To give Apple its due, it listened and turned the mandatory change into an optional one.
Since it was announced back in June, anticipation for the new iPhone software has been building. It hasn’t always been a smooth ride: one change in Safari where the address bar was moved from the top to the bottom of the screen was hotly controversial.
September 21 update. Apple today confirmed that new features relating to Apple Music have now gone live for users who have iOS 15, with more details revealed today than before. Here’s everything to know about this cool feature in iOS 15…
The countries with the most avid listeners to Spatial Audio are Japan, the U.S. and the U.K.
Spatial Audio has been taking off and in the latest data, Spatial Audio streams have been growing 20 times faster than non-Spatial streams on Apple Music in August.
Apple has been keen to stress how it’s innovating in terms of the sound quality of its music streaming service, with Dolby Atmos part of the equation.
Some have compared it to the difference between watching HD after seeing TV in standard definition: it’s hard to go back.
Now, with the release of iOS 15, Apple has introduced a new feature to Spatial Audio in Apple Music with the addition of Dynamic Head Tracking. This is something that was only available for people listening to compatible soundtracks on the iPad, for instance.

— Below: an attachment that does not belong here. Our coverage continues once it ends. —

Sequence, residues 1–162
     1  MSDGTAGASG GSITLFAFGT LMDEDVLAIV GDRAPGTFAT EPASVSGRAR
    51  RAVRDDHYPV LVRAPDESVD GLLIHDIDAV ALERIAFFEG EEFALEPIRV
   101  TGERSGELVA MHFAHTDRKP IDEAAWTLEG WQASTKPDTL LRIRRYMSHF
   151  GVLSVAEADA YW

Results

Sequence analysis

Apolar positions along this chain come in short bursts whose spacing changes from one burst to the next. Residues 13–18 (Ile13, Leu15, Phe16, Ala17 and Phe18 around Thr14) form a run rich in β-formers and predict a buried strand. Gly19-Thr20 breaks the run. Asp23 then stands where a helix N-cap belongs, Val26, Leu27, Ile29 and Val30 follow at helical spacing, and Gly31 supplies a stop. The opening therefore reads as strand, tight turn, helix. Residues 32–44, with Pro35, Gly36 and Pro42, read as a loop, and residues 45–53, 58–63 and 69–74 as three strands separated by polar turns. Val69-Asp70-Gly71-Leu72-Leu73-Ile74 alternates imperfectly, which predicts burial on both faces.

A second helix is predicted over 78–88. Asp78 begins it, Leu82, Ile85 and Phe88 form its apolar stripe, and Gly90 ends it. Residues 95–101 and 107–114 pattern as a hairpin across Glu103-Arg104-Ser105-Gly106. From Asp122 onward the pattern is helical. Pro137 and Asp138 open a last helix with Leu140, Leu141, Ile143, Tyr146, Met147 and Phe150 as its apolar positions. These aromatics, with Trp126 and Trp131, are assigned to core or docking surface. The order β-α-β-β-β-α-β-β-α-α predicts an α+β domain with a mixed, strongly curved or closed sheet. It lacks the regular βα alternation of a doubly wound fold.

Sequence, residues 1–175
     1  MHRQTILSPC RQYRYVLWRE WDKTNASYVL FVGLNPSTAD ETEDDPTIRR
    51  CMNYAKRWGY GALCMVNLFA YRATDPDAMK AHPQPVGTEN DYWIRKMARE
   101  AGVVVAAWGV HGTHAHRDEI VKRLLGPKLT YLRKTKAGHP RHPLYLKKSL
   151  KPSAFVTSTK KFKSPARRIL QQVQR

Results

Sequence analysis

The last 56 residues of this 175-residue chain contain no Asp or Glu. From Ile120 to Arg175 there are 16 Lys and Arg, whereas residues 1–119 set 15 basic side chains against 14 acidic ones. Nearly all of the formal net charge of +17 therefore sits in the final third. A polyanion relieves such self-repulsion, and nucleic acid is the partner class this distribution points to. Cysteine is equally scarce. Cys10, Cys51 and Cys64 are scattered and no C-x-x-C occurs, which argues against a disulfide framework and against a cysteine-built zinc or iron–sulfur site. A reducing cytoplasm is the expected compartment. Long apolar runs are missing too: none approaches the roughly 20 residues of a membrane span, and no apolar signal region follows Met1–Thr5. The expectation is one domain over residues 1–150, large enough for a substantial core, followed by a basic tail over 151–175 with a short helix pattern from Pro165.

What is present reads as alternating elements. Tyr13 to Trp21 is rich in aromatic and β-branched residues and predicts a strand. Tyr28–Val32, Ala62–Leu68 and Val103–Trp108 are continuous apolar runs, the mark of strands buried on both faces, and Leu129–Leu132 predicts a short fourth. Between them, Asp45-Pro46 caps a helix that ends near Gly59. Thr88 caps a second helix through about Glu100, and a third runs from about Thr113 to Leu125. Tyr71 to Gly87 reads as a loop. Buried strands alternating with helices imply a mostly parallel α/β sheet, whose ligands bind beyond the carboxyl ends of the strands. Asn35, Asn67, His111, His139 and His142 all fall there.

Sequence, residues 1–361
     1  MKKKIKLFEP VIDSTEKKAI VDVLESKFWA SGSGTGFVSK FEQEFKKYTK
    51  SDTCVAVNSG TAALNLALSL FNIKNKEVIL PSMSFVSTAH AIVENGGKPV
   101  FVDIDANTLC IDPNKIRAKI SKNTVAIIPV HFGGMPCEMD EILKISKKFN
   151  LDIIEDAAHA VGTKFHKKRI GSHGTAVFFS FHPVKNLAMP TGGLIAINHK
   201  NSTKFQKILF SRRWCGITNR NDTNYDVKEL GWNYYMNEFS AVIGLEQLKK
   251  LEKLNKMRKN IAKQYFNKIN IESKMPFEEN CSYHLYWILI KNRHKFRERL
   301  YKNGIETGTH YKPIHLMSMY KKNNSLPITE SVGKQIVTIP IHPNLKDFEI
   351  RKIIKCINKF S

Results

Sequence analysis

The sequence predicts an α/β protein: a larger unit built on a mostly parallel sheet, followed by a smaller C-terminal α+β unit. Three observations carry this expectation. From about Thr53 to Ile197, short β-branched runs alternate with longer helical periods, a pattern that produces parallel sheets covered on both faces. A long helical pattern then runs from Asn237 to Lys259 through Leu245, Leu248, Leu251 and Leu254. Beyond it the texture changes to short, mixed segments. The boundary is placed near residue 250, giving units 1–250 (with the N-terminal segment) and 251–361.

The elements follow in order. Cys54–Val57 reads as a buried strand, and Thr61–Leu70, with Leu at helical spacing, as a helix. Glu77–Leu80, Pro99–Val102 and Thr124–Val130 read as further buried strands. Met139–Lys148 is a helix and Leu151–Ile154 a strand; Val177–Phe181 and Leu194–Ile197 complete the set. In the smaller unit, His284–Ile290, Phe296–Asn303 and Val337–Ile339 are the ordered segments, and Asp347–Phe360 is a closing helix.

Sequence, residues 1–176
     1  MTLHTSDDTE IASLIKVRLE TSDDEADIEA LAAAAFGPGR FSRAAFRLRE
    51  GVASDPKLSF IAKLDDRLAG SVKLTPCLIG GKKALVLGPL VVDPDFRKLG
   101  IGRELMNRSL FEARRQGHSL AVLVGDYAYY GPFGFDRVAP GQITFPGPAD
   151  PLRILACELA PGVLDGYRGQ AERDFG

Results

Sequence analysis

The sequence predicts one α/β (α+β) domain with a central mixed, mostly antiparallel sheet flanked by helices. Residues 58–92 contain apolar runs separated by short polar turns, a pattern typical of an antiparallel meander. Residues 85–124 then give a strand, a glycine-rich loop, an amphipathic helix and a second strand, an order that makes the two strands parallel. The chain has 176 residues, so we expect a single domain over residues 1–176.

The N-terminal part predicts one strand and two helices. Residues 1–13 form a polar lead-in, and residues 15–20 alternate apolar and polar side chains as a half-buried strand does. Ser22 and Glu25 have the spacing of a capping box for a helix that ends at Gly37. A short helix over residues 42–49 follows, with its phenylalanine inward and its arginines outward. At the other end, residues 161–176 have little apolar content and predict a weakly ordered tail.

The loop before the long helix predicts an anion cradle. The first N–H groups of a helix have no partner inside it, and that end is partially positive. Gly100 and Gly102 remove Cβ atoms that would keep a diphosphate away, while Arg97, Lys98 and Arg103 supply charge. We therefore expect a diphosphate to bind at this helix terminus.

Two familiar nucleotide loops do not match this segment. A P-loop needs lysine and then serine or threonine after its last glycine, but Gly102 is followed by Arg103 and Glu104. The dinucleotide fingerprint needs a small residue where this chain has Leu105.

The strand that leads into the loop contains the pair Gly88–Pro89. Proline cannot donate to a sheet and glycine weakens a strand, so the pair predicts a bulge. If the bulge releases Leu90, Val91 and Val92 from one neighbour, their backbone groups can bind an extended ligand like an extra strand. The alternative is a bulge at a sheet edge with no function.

Adding it to Apple Music is designed to create a more immersive experience, so that instead of listening to a stereo mix of left and right, it gives the impression that the music is coming from all around you. Especially with Dolby Atmos which allows for more audio channels and positioning audio objects in space. Dynamic Head Tracking means that the sound stage is locked instead of moving with casual head movements.
Unlike with watching video on the iPad, however, where the sound source is locked so that it appears to come from the tablet, there’s no fixed reference point if you’re out walking, for instance. In this case as your head moves the sound re-orients around you. It can even do this to stereo tracks by up-mixing them to spatialize and head-track the audio to give the impression of proper Spatial Audio.
For supported headphones, such as AirPods Pro and AirPods Max, this will be the default stereo treatment in iOS 15. Apple is proud that it’s the first streaming service to have this feature. Users can choose whether to have the full head tracking experience as they listen. The Control Center confirms whether you’re listening to Spatial Audio, Dolby Atmos, or whatever.
With Spatial Audio set to off and Dolby Atmos set to on, then Apple Music plays binaural Dolby Atmos with no head tracking. You can even have Dolby Atmos off but Spatial Audio on, in which case the label that shows what’s playing is marked as Spatialized Stereo, which is an upmixed stereo with head tracking. Well, it’s nothing if not versatile. Available now if your iPhone has been updated to iOS 15.